Cleave Books
A Dictionary of Units ~ Part 2
by Frank Tapson

This provides a summary of most of the units of measurement to be found in use around the world today (and a few of historical interest), and the definitions and rules of the various systems in which they are found.

Conversions between the various units are dealt with in Part 1

  There are NO units of currency.  
  There is an outline of the   S I system,  
a list of its 7 basic   definitions,  
some of its   derived units,  
together with a list of all the   S I prefixes,  
and some of the rules and conventions for   its usage.  
On the subject of measures generally, there is a short   historical note.  
Then there are descriptions of the   Metric system,  
and the   U K (Imperial) system,  
followed by statements on the implementation of   'metrication' in the U K,  
and then the   U S system of measures.  


At the bottom of this document is a   list of other sources,  
and also some links to other   Web sites.  
And then there is its   publishing history .  


There is a separate document covering the most   FAQ and other measures.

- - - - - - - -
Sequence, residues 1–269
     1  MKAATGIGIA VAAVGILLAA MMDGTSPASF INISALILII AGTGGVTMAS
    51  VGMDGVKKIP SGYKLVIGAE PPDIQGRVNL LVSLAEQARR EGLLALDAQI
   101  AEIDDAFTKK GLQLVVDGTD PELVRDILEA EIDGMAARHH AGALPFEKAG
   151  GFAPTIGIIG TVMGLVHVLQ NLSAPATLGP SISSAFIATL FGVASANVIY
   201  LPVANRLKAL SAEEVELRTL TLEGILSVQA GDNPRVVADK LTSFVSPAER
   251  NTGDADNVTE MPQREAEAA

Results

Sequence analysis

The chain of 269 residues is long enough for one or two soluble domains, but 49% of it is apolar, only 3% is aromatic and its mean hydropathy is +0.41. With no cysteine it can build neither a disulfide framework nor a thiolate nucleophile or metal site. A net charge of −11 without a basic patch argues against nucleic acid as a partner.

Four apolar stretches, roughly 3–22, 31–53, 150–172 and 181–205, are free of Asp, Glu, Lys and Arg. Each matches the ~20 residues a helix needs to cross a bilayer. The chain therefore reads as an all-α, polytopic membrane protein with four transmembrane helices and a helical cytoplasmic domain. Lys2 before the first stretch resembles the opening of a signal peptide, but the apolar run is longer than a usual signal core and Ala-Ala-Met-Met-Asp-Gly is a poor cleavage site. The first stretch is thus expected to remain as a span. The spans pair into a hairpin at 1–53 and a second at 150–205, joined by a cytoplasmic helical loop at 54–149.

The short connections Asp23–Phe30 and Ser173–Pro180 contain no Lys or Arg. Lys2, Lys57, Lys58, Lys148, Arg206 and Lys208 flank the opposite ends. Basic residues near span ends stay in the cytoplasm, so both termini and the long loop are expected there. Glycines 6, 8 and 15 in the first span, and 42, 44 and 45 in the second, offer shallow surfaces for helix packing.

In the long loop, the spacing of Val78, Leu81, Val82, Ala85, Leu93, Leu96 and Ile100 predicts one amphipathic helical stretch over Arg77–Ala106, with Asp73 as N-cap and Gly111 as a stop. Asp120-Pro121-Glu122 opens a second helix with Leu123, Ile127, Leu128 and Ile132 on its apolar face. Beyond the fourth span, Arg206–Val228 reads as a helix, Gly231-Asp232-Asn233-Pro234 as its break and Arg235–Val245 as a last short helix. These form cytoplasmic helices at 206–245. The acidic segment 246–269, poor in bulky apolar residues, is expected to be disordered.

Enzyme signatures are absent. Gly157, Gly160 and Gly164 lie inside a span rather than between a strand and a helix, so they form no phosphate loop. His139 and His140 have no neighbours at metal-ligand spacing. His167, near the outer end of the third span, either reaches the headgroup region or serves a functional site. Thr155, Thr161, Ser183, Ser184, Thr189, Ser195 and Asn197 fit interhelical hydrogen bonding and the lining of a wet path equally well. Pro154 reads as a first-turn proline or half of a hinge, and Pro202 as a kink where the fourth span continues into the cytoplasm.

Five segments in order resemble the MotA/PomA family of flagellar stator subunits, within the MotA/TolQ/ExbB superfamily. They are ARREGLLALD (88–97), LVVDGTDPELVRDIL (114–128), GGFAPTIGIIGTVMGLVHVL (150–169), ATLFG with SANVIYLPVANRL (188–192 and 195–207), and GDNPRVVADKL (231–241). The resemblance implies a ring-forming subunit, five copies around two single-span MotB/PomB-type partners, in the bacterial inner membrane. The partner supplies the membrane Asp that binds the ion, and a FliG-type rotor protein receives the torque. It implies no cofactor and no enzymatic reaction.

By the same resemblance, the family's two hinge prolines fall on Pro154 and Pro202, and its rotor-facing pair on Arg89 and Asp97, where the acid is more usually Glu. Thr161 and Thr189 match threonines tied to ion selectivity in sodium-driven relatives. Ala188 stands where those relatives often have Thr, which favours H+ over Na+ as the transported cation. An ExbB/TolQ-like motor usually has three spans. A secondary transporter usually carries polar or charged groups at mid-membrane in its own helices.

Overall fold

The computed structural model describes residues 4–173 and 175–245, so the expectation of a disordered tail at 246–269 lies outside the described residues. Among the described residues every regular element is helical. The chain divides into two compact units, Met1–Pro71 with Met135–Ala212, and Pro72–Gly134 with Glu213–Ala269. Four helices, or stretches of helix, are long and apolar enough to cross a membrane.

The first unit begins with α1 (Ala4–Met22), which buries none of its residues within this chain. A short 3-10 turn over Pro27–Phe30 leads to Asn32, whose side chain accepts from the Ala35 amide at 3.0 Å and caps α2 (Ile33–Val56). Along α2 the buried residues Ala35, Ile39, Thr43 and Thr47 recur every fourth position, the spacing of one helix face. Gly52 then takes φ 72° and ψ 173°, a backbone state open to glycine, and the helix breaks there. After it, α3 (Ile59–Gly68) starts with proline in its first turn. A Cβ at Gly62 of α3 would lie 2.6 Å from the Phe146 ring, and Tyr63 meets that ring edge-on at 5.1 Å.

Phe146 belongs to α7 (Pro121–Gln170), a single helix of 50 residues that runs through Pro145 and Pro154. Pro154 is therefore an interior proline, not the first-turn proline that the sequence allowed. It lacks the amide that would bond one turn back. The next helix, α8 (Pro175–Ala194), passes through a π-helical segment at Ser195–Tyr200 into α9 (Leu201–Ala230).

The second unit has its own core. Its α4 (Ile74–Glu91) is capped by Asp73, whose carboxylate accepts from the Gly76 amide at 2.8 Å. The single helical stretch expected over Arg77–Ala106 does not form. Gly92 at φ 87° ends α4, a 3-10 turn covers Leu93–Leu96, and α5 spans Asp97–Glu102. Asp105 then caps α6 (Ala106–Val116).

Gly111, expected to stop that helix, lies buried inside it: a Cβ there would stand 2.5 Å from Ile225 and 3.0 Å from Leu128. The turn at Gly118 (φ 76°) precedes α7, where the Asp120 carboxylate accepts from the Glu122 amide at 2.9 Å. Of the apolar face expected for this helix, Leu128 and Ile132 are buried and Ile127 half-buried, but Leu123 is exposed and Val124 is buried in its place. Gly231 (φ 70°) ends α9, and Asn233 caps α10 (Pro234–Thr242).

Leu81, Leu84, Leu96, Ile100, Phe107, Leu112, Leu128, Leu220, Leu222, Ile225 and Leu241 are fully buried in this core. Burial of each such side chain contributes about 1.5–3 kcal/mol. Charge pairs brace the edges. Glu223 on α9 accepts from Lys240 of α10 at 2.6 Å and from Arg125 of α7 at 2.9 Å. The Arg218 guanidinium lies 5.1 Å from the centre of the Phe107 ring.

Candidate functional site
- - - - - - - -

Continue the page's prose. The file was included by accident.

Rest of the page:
The Systeme International [S I]

Le Systeme international d'Unites officially came into being in October 1960 and has been officially recognised and adopted by nearly all countries, though the amount of actual usage varies considerably. It is based upon 7 principal units, 1 in each of 7 different categories -

Category               Name 	  Abbrev.

Length                 metre        m
Mass                   kilogram     kg
Time                   second       s
Electric current       ampere       A
Temperature            kelvin       K
Amount of substance    mole         mol
Luminous intensity     candela      cd
Definitions of these basic units are given. Each of these units may take a prefix. From these basic units many other units are derived and named.

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Definitions of the Seven Basic S I Units

metre [m]
The metre is the basic unit of length. It is the distance light travels, in a vacuum, in 1/299792458th of a second.
kilogram [kg]
The kilogram is the basic unit of mass. It is the mass of an international prototype in the form of a platinum-iridium cylinder kept at Sevres in France. It is now the only basic unit still defined in terms of a material object, and also the only one with a prefix[kilo] already in place.
second [s]
The second is the basic unit of time. It is the length of time taken for 9192631770 periods of vibration of the caesium-133 atom to occur.
ampere [A]
The ampere is the basic unit of electric current. It is that current which produces a specified force between two parallel wires which are 1 metre apart in a vacuum.It is named after the French physicist Andre Ampere (1775-1836).
kelvin [K]
The kelvin is the basic unit of temperature. It is 1/273.16th of the thermodynamic temperature of the triple point of water. It is named after the Scottish mathematician and physicist William Thomson 1st Lord Kelvin (1824-1907).
mole [mol]